Movement Detection and Figure-Ground Discrimination

  • W. Reichardt
Conference paper


Movement detectors of the so-called correlation type were proposed long ago to explain motion perception in insects (Hassenstein and Reichardt 1956; Reichardt 1957, 1961; Reichardt and Varju 1959; Varjú 1959). In the meantime, good evidence has been accumulated that this movement detection scheme can also be applied to motion detection in humans (e.g. van Doom et al. 1982a,b; van Santen et al. 1984, 1985; Wilson 1985; Baker and Braddick 1985). More recently our interest in movement computation has focused on dynamic aspects and on the dependence of the detector output on the structure of the stimulus pattern. In addition, the properties of two-dimensional arrays of pairs of movement detectors (Reichardt and Guo 1986; Egelhaaf and Reichardt 1987; Reichardt 1987) have been investigated in detail. Individual movement detectors, however, do not provide meaningful information on a moving pattern. In addition, some spatial, physiological integration is needed, for instance in connection with a solution of the figure and ground discrimination problem (Reichardt and Poggio 1979; Reichardt 1979, 1980; Poggio et al. 1981; Reichardt et al. 1983; Egelhaaf 1985).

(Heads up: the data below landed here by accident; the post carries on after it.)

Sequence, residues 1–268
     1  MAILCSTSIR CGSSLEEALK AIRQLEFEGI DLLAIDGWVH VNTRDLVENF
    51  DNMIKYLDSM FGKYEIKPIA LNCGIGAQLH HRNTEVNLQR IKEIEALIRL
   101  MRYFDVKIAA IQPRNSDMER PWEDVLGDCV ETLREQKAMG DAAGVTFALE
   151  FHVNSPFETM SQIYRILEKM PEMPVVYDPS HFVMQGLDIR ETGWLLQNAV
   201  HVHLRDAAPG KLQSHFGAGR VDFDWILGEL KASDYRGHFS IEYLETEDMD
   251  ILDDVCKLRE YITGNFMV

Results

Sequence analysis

Movement Detector Horizontal Cell Lobula Plate Horizontal System Brightness Pattern 
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Copyright information

© Springer-Verlag Berlin Heidelberg 1990

Authors and Affiliations

  • W. Reichardt
    • 1
  1. 1.Max-Planck-Institut für biologische KybernetikTübingenGermany

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